Townsville Bulletin - - PLAY -

OU wouldn’t ex­pect to find a star like Harry Styles ly­ing in a trench on a wind- bat­tered coast­line in France for hours on end.

No one in their right mind would want to feel the sting of the sand burn their cheeks for days at a time, but Styles — a man whose star power would al­low him to pick any project he wished — was de­ter­mined to be­gin his act­ing ca­reer with a truly chal­leng­ing role.

For Styles, there would be few Hol­ly­wood roles more fit­ting than de­pict­ing a sol­dier in Christo­pher Nolan’s WWII epic, Dunkirk, the true tale of the evac­u­a­tion of sur­rounded Al­lied troops from the French beach of the same name.

The oper­a­tion, dur­ing which civil­ian boats sent from Eng­land res­cued 300,000 troops from cer­tain cap­ture or death at the hands of the Nazis, has come to be re­garded as one of the most ex­tra­or­di­nary tri­umphs in mil­i­tary his­tory.

Styles says he left the set each day One Di­rec­tion heart- throb Harry Styles got no spe­cial treat­ment along­side a host of fel­low new­com­ers on the set of Christo­pher Nolan’s By scrub­bing sand out of his hair and fend­ing off frost­bite on his toes. Styles laughs as he ex­plains how the cast was made to shiver in trenches on the beach while Nolan — a no­to­ri­ous per­fec­tion­ist — worked to achieve the op­ti­mal scene.

“I’m a big fan of Chris’s films and as soon as I heard about the film I knew I wanted to be in­volved,” he says.

“I couldn’t have asked for a bet­ter first ex­pe­ri­ence but it was a chal­lenge. I think it was a chal­lenge for all of us phys­i­cally.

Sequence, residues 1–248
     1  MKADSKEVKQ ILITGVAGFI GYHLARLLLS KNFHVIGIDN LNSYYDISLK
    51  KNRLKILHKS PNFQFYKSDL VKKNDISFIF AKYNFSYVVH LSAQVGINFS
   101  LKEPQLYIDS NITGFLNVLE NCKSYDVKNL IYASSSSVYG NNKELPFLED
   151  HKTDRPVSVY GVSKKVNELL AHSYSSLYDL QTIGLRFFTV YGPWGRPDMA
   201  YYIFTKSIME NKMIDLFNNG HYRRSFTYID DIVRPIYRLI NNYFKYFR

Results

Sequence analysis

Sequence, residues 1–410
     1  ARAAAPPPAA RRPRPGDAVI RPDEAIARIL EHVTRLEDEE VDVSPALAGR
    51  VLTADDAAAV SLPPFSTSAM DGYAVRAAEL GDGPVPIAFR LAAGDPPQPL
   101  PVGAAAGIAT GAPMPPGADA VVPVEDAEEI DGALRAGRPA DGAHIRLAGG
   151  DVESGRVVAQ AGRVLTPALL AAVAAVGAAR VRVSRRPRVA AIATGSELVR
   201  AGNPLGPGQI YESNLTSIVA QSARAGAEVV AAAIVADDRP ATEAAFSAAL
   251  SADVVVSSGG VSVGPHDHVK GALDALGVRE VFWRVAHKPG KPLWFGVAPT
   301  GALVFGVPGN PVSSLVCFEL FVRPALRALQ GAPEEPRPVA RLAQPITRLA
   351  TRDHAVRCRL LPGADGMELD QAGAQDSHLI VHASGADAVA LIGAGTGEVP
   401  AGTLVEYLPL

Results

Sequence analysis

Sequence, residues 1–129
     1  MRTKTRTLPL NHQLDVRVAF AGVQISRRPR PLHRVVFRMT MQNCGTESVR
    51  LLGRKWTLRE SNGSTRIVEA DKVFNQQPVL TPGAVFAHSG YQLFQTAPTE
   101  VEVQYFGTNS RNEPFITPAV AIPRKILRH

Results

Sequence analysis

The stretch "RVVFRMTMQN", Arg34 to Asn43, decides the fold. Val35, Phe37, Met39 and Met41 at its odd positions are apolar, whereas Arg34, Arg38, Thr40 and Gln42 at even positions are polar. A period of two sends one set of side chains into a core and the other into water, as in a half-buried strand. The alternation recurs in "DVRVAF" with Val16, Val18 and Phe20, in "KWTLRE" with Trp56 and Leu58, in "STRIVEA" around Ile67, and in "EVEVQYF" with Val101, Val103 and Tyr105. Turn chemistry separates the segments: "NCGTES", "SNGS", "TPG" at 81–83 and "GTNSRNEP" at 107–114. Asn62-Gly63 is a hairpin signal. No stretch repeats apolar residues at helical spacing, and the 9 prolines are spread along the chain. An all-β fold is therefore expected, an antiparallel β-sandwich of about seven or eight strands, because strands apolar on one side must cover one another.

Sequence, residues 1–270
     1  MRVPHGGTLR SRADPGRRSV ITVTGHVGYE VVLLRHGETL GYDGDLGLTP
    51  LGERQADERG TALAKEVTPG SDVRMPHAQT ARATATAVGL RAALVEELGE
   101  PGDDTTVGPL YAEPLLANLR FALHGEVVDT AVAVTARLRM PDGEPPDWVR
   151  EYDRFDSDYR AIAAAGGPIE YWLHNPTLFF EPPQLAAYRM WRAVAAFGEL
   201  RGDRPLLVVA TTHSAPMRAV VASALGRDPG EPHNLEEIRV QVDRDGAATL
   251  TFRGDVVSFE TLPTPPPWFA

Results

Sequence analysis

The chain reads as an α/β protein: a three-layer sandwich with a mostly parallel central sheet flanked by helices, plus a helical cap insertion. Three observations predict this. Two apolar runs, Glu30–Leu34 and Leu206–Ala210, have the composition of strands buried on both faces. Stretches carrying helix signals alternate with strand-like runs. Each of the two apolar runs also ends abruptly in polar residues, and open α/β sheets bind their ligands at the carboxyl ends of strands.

“You can’t imag­ine be­ing in the po­si­tion that those sol­diers were in at the time but, we def­i­nitely had to act cold. It was as real as some­one could make it.

“That is what makes Chris so amaz­ing. He wants it to be very nat­u­ral and he wanted to make it real. He made things blow up around us so we would give very nat­u­ral re­ac­tions.”

The One Di­rec­tion singer, who has per­formed on stage in front of thou­sands of scream­ing fans ad­mit­ted to feel­ing “in­tim­i­dated” by the size of the project at first glance. “The ini­tial feel­ing I had was that the scale of what we came into was so much big­ger than ex­pected,” Styles says. “It was su­per in­tim­i­dat­ing. But when you started see­ing how much they de­velop the char­ac­ters around the set you start to re­lax.

“Chris is amaz­ing at mak­ing you feel com­fort­able on set and there is no spe­cial treat­ment for any of the ac­tors.

“I don’t think he com­pro­mises in terms of only hav­ing one chance to film things like a plane over­head. He takes his time and gets it right, which takes the pres­sure off us.”

Nolan cer­tainly didn’t give Styles any spe­cial treat­ment. The famed di­rec­tor sheep­ishly ad­mit­ted to not know­ing ex­actly who Styles was dur­ing cast­ing.

“I don’t think I was that aware re­ally of how fa­mous Harry was,” Nolan said re­cently.

“My kids talked about him, but I wasn’t re­ally that aware of it.”

Nolan said the singer sim­ply au­di­tioned and scored the role. It was clear Styles had de­vel­oped a strong bond with the cast of up- and- com­ing stars who joined him on set. They look at ease sit­ting next to each other in a Lon­don ho­tel room and are happy to de­scribe each other as “fam­ily”.

For UK ac­tors Tom Glynn- Car­ney, 22, Jack Low­den, 27, and Fionn White­head, 19, Dunkirk was by far the big­gest credit to their names.

Bri­tish- born Glynn- Car­ney, who grew up hear­ing tales of Dunkirk at school, says the set was like walk­ing through a doc­u­men­tary.

“It was re­ally jaw- drop­ping see­ing these huge mon­u­ments to the sol­diers but as Harry said it was quite a close at­mos­phere that Chris cre­ated,” he says. “You fo­cus more on the scene and the in­ter­ac­tions than dwelling on how big the project is.”

The young ac­tors have been praised by crit­ics for their per­for­mances which is an ac­com­plish­ment when flanked by a cast in­clud­ing Cil­lian Mur­phy, Ken­neth Branagh and Tom Hardy.

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